Professor Rajiv Sinha
COFUND Senior Research Fellow at St Aidan's College, Durham University (May - July 2014)
Prof Rajiv Sinha is from the Department of Civil Engineering, IIT Kanpur. He is one of the most visible Indian workers in the area of fluvial geology, river science and river related hazards. Since the famous Kosi flood tragedy in 2008, he has been the most prominent researcher in this area, pursuing several lines of activity ranging from river dynamics and flood risk to flow modelling and sub-surface stratigraphy. This has led to a series of very impressive publications both in scientific journals as well as in popular science magazines which have been received very well by the geosciences community.
The Fellowship aims to develop a decision support system (DSS) for hazard management in the Kosi region in north Bihar plains in India, using the process-based understanding and building on existing stakeholder engagement at both the governmental and community level. During the Fellowship, Prof Sinha will integrate all available data to produce flood hazard and risk maps and also design mitigation strategies. Then he will develop a decision support system (DSS) which will use a topography-driven connectivity model to simulate the path of the avulsion channels from sites prone to breaching. Further, a series of popular booklets and audio-visual materials will be produced aimed at developing resilience and safety towards floods. The available expertise at IHRR on hazard communication and dissemination, and on community roles in understanding hazard would be extremely beneficial to achieve these objectives. The proposed project also has some parallels with a NERC/ESRC-funded project entitled ‘Earthquakes without Frontiers’ led by Prof Densmore (IHRR). Both projects are focused on hazard and resilience in the Kosi region, but floods occur far more frequently than large earthquakes. It is therefore hoped that the DSS can be used as a ‘prototype’ for building resilience to earthquake hazard, and to explore the possibility of flood responses as a ‘trial run’ for earthquake support tools and mechanisms.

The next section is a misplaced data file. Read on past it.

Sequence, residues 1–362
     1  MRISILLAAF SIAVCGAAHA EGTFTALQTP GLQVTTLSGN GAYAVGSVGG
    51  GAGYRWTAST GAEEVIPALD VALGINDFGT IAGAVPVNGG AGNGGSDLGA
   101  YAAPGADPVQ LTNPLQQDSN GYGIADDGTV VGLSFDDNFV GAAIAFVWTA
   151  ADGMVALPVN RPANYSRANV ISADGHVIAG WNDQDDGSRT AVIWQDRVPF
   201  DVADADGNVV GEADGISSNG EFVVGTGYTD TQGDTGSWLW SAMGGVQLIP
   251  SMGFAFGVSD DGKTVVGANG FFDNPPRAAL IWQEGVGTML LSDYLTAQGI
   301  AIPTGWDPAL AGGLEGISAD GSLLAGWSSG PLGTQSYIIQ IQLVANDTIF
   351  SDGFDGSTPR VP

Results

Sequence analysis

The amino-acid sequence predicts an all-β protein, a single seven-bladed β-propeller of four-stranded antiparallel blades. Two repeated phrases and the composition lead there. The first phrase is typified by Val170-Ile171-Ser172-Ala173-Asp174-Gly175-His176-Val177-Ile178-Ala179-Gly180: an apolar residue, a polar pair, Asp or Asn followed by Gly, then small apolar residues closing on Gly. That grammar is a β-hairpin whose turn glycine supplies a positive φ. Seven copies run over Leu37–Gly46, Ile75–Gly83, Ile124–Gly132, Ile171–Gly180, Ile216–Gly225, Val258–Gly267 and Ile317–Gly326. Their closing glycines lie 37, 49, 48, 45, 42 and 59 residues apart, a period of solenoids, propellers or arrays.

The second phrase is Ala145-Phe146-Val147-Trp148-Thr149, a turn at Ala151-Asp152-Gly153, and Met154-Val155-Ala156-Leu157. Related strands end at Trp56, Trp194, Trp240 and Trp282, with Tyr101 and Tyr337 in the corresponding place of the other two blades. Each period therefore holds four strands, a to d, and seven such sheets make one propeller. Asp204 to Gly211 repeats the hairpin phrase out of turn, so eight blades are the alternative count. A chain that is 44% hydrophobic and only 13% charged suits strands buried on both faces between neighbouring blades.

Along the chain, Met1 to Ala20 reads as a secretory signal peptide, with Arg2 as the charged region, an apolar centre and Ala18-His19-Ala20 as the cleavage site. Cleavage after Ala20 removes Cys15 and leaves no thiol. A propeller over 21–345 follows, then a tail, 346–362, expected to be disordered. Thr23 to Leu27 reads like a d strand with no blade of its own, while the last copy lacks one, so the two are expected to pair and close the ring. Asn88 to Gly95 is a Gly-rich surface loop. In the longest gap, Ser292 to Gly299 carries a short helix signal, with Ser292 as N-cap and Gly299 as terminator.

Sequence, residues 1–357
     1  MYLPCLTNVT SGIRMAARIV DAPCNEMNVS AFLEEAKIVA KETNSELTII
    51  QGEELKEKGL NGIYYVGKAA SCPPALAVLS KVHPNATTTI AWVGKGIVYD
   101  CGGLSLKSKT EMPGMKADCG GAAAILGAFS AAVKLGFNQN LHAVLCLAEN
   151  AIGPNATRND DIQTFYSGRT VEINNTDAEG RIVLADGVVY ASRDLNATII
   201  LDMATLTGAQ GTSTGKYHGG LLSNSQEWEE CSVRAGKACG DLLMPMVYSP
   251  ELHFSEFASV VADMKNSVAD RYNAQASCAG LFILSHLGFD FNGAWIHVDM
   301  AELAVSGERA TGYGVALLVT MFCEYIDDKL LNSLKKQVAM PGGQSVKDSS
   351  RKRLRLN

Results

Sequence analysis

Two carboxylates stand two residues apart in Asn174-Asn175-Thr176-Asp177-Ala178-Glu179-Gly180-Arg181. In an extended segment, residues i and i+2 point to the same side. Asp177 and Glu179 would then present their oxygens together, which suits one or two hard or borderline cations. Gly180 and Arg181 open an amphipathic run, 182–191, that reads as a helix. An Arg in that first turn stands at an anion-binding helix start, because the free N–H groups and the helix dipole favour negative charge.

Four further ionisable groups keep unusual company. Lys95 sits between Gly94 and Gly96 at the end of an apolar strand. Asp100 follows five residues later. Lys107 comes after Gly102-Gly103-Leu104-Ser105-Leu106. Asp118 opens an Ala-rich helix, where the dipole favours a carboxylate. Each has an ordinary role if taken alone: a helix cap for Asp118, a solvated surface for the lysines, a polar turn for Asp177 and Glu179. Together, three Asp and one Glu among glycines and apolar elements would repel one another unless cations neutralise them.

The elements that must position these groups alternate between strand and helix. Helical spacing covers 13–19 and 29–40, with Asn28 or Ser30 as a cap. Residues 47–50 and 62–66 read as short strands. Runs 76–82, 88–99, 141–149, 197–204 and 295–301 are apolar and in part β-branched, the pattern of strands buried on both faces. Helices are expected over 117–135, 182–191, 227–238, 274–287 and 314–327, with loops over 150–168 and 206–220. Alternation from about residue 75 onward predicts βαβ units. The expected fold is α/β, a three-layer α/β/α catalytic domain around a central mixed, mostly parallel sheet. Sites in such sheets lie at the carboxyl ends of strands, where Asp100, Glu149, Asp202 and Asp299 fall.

The ambience of Durham and the grand view of the Castle would remain as one of the most unforgettable sights of our stay at Durham.Professor Rajiv Sinha, Indian Institute of Technology, Kanpur